Los Cabos, while packed with outdoor activities, from scuba diving to fishing to sailing to hiking to ATVing, is not a big place.
The destination has some 18,000 rooms across 85 hotels, where visitors will find, on average, 200 rooms max.
“We’re very spread out,” Esponda said. “We have the largest coastline in Mexico with the Pacific Ocean and Sea of Cortez all combined.”
Not a single billboard blocks the ocean view in Los Cabos either. And buildings have height restrictions (no more than six storeys).
Then there’s the marine animals you’ll see (30 per cent of the world’s marine mammals are in the Sea of Cortez). Humpback whales, blue whales, orcas and great whales are all part of this underwater community.
Through December and January, hundreds of whales migrate to the Pacific Ocean and the Sea of Cortez to calve, making February the best time for whale watching.
Sustainability is valued also – 42 per cent of the Baja California Sur are protected areas, providing sanctuaries to sea lions, turtles and other species.
There are 22 “Blue Flag” beaches in the area. (This is an environment certification that tells you a beach or marina is managed sustainably).
Not every beach in Los Cabos is swimmable (some stretches are unsafe due to rough surf, rip currents and undertow).
But there are still several sandy spots to take a dip. The protected waters of bays and coves, including Medano Beach in Cabo San Lucas and Lovers Beach near El Arco, are recommended by the tourism board.
(Click here for more on Los Cabos' beaches).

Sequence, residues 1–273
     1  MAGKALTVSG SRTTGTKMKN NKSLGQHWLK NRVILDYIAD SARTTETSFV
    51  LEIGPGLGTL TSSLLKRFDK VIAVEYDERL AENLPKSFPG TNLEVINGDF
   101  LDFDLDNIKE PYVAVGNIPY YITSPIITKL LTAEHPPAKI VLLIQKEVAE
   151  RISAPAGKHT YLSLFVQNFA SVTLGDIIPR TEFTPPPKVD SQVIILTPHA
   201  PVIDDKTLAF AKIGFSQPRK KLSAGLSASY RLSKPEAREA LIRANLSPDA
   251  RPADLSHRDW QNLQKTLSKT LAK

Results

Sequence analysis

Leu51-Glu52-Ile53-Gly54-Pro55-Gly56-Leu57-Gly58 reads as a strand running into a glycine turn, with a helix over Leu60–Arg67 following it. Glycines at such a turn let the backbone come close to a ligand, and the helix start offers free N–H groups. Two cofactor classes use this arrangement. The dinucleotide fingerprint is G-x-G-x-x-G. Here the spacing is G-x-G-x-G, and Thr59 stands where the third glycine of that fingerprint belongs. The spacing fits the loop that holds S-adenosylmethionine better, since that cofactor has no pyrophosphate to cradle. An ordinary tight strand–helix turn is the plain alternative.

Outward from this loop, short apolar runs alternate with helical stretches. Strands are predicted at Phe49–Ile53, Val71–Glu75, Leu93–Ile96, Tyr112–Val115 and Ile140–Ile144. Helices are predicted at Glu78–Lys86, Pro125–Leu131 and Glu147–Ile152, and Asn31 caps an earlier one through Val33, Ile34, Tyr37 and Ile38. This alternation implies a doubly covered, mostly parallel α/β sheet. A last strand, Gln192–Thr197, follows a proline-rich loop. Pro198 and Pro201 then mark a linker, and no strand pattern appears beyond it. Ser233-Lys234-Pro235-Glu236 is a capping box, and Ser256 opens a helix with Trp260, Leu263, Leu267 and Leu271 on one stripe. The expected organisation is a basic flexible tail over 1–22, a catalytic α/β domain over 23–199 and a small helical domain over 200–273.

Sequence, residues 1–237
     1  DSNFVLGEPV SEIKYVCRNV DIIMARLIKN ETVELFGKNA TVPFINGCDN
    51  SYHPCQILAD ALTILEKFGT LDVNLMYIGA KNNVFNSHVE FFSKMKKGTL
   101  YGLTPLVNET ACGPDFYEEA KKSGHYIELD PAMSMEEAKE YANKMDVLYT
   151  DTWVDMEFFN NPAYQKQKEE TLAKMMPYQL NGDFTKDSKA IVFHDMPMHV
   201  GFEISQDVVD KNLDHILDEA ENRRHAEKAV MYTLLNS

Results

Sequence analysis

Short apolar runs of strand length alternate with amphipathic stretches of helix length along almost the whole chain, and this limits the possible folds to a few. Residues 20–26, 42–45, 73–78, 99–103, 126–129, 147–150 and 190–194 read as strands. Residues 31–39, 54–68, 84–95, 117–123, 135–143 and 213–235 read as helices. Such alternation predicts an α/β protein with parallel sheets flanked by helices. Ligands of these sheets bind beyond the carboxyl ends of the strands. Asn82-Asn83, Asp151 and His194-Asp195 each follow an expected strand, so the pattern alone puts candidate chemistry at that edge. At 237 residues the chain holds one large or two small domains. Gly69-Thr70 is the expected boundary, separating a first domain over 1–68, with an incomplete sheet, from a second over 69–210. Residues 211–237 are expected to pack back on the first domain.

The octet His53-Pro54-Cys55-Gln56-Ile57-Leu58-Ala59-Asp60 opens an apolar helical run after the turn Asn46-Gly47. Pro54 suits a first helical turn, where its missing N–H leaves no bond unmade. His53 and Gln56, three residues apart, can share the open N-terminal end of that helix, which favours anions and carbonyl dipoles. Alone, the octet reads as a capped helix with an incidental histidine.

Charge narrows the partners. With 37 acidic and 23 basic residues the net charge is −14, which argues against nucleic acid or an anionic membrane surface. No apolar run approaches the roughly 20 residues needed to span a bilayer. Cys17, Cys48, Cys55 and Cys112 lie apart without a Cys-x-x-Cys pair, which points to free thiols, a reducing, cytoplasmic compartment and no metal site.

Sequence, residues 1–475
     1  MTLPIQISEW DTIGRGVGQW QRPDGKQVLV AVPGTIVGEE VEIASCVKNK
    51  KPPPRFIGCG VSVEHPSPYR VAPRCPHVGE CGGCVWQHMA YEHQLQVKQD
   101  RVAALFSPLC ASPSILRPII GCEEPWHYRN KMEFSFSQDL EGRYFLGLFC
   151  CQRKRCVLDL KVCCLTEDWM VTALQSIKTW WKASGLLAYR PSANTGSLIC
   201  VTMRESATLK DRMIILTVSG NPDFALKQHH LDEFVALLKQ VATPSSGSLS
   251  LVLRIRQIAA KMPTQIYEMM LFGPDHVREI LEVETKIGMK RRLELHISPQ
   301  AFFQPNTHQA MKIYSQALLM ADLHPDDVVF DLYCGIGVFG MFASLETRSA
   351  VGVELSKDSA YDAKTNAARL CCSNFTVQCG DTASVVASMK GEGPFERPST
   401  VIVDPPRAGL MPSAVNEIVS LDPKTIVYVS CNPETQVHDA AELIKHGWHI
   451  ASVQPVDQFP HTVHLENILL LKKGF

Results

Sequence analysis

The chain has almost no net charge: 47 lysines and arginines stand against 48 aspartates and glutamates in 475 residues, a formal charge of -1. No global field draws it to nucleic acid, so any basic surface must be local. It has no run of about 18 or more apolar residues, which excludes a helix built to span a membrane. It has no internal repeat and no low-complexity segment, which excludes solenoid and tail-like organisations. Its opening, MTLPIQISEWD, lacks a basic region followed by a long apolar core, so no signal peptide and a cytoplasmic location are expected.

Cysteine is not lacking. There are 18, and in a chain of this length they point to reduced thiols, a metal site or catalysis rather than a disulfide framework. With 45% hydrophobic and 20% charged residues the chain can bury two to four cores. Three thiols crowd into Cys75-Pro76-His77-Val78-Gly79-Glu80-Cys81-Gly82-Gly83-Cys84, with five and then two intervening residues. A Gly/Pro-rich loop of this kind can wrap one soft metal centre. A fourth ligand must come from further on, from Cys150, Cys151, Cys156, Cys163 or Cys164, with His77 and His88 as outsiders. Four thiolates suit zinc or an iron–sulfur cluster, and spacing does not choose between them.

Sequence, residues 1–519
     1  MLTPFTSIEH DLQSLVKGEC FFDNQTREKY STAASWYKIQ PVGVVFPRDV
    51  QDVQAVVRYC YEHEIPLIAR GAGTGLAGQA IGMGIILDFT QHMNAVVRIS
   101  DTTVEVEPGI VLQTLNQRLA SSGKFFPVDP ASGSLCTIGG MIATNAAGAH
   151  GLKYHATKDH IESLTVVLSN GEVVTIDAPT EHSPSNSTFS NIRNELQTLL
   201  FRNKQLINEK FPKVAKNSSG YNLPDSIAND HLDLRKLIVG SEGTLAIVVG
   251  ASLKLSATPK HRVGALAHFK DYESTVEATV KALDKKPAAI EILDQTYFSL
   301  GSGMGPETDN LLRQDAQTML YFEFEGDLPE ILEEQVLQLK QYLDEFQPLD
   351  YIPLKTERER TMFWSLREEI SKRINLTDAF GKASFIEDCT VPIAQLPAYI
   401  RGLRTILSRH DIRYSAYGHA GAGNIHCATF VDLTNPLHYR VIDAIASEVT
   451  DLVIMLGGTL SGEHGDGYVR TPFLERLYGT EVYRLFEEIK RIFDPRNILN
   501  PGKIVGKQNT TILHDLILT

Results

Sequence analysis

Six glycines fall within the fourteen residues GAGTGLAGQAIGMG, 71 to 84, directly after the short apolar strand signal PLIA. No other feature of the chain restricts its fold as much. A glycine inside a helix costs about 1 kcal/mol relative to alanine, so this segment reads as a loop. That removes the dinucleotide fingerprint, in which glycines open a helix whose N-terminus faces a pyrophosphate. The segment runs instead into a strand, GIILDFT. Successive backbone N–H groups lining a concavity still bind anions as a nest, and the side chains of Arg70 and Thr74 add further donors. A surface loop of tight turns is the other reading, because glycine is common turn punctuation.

Wellness market “has doubled”
While Los Cabos is home to many luxurious hotels and spas, the destination’s wellness scene is more than just pedicures and massages.
The number of people visiting Los Cabos for wellness purposes “has doubled” in recent years, Esponda said.
In addition to visiting spas, tourists are arriving to do yoga, pursue athletic training, to detox or to participate in cooking classes "to eat healthier and use organic ingredients,” Esponda said.
Some, now, are even arriving to heal their immune system after suffering from COVID-19, Esponda said.
“People are looking to get more in-depth with their mind, body and soul,” Esponda said, speaking on the latest trend.
While Los Cabos may be known as a luxury destination, there are options for all budgets, Esponda emphasized.
Yes, there are several high-end properties – but there’s also “luxury in staying at a three-star and receiving five-star service,” he said. “That’s where we really excel.”
And for every outdoor activity and wellness experience offered in Los Cabos, there are revenue-generating opportunities for travel advisors.
“All services are commissionable,” Esponda said. “We are making it open for all advisors to really qualify the experience of their clients."